Adjusting The Meal Plan to Fit Your Needs

If you’re just starting out on the Meal Plan, we advise eating the suggested amount of food for a week, or at least a couple of days, and if you find that you’re not getting enough food or you think you’re getting too much, then adjust your intake according to this article. If you’re an athlete working out more than a few hours per week, read the Recommendations for Athletes section of this post.

Where Do You Stand?

The meal plan provides between 1,500 and 2,000 calories per day—an average amount of calories, especially when you’re trying to lose weight. It’s also easier to add food rather than take it away when it comes to following the Meal Plan. So how do you know if you need more or less than 1,500 to 2,000 calories a day? First try to figure it out using the symptoms listed below, but you can also get a better sense of how much food you need by tracking calories with www.myfitnesspal.com or www.nutritiondata.com. They’ll take your stats and figure out how much food you need every day, given your height, weight, weight loss goals and activity level.

How to Know if You’re Not Getting Enough Food

You’ll know you’re not getting enough food if you’re:

  • constantly hungry
  • tired
  • spacey
  • feeling like your blood sugar is low
  • battling intense cravings
  • seeing your athletic performance decline
  • losing weight at a rapid pace

Important note: All of the aforementioned symptoms can also be symptoms of the “low-carb flu” or “detoxing,” which can happen when you first start eating Primal after years on a standard Western diet. So if that’s you, know that this period of discomfort will very likely pass within 1 to 21 days. Everyone’s different. But if you’re really quite sure that you’re just not getting enough food, follow the recommendations below.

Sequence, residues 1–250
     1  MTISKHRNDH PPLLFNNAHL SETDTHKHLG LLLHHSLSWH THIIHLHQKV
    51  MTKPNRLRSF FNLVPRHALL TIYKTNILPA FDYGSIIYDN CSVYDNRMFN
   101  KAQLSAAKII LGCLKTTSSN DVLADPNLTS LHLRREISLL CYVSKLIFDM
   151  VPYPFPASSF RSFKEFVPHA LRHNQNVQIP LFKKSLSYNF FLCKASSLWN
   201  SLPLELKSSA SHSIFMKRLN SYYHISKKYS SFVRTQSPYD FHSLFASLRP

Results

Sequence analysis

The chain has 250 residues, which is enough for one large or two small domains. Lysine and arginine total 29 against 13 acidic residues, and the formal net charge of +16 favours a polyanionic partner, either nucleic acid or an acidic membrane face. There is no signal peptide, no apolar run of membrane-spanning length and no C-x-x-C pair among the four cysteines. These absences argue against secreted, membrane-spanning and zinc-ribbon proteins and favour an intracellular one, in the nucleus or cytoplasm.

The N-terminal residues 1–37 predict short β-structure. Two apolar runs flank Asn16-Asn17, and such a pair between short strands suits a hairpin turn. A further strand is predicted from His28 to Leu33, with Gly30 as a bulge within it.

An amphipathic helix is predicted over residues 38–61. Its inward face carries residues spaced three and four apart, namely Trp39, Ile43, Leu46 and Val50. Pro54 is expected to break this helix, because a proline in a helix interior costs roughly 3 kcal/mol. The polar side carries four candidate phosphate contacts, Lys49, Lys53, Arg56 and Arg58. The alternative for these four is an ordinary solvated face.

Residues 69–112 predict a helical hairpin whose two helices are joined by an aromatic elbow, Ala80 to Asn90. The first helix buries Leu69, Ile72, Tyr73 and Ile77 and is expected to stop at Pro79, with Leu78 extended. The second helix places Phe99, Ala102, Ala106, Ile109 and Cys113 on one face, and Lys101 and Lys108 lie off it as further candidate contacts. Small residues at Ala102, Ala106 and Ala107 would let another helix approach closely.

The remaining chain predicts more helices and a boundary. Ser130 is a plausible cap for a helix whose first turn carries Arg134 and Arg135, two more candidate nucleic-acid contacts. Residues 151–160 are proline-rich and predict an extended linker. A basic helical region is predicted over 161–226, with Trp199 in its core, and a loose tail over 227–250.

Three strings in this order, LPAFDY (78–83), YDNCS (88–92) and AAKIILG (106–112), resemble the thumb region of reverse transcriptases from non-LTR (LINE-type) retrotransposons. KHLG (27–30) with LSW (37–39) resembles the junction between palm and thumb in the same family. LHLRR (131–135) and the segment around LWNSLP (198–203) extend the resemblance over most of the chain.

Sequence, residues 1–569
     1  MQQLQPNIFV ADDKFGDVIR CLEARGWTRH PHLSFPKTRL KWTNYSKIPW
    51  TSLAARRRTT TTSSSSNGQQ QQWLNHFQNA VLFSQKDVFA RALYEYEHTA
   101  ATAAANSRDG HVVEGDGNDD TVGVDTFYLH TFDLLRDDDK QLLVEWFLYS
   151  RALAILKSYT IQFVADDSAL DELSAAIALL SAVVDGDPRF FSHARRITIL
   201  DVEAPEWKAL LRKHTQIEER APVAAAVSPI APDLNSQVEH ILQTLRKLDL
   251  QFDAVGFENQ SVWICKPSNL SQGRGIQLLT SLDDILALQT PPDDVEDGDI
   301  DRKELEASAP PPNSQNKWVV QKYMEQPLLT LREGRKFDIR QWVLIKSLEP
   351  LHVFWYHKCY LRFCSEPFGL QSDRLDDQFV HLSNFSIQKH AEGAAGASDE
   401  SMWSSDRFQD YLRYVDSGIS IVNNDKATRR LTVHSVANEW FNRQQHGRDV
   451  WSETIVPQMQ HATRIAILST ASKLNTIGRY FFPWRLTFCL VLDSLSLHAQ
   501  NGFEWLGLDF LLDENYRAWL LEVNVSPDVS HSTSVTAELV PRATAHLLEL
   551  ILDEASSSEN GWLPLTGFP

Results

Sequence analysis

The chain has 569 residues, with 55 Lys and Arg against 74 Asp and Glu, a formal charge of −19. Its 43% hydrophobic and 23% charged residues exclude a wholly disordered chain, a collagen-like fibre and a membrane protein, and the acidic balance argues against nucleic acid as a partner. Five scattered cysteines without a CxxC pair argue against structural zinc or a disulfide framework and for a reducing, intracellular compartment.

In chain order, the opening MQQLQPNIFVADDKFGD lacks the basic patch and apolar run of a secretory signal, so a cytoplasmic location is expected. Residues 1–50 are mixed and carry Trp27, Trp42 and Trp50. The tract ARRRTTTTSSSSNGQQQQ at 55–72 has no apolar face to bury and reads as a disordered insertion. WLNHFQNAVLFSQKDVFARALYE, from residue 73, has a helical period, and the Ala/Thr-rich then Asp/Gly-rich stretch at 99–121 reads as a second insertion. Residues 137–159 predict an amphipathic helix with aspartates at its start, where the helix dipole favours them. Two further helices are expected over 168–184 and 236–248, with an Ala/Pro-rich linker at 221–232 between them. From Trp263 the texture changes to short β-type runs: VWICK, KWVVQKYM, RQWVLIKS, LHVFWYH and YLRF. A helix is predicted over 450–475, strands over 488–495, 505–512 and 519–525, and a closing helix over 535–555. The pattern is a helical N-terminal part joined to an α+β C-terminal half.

Suggestions for Adding Food to the Meal Plan

  • Cook with more oil or fat, or add some oil to your portion after your meal is cooked (so you’re not overloading your petite wife with calories). Each tablespoon of oil or fat is around 120 calories.
  • Add more meat. That means you’ll have to buy more meat than the grocery list accounts for. To give you some reference, a quarter pound (4 ounces) of beef sirloin is about 240 calories. The same amount of boneless, skinless chicken breast is about 140 calories.
  • Add more fruits and veggies of all kinds. BUT, if you’re not active and you’re trying to lose weight, stick to the fibrous veggies (not sweet potatoes or potatoes) and berries because those are the ones lowest in carbs. Add more fruits and veggies of all kinds. BUT, if you’re not active and you’re trying to lose weight, stick to the fibrous veggies (not sweet potatoes or potatoes) and berries because those are the ones lowest in carbs.
  • Add nuts and seeds, but keep in mind that they’re really calorie dense, so don’t go overboard. For instance, 1 cup of cashews contains over 700 calories!

How to Know if You’re Getting Too Much Food